Over the past few months various major conversations have been had around the direction of Modern Orthodoxy; the place and space of American Rabbis vis-à-vis the Israeli Rabbinate, the direction of where open orthodoxy is headed, the importance of Yeshiva University as a leader for Modern Orthodoxy. The reality is that while these conversations and many more are important, the key players who are adding to the discussion are a forgetting about and in turn becoming irrelevant to a key demographic of our society; our teenagers and young adults.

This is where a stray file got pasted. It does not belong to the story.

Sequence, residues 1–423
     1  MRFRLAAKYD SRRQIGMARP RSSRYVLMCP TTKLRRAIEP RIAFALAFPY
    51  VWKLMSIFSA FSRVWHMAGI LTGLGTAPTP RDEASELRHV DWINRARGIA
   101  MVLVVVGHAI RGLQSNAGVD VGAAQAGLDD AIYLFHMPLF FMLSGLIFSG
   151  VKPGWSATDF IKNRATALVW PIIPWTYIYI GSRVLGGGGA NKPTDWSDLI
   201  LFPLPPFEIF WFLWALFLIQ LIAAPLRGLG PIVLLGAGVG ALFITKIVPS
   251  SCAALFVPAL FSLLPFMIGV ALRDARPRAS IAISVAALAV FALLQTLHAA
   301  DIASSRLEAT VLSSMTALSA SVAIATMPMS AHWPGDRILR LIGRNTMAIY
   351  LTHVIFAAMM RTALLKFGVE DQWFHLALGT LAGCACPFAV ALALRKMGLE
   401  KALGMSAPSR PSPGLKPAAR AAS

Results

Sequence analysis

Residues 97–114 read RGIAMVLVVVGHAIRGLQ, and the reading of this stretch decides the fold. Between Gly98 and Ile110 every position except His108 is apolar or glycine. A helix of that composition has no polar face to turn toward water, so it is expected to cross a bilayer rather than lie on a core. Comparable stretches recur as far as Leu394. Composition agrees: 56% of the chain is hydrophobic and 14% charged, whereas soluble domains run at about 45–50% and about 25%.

One of the primary tenets of our faith is found in the first two chapters of the oft recited Shema, as the Torah states in Deuteronomy chapter six, verse nine “and you shall teach them diligently unto your children, and shall talk of them when you sit in your house, and when you walk by the way, and when you lie down, and when you wake” and again in chapter eleven, verse nineteen, “And you shall teach them to your children, talking about them, when you sit in your house, and when you walk by the way, and when you lie down, and when you wake up”. It is here we learn of chinnuch, of education, and the primary space it operates in within our religion, culture, and presence across the world. We are known as the people of the book, our scholars both religious and secular are admired the world over, and it is due to this very space that education has occupied which has enabled this appreciation of the quality and quantity of our scholarship. Yet in the areas of education for our next generation, both formal education in day schools, as well as informal education through our synagogues and community centers, through our teachers and our rabbis, and through the most valuable resources, parents, are we missing the boat? Are we leaving behind a generation of Jews who are feeling increasingly disenfranchised from our history, have created distance from our religion, and who ignore our culture?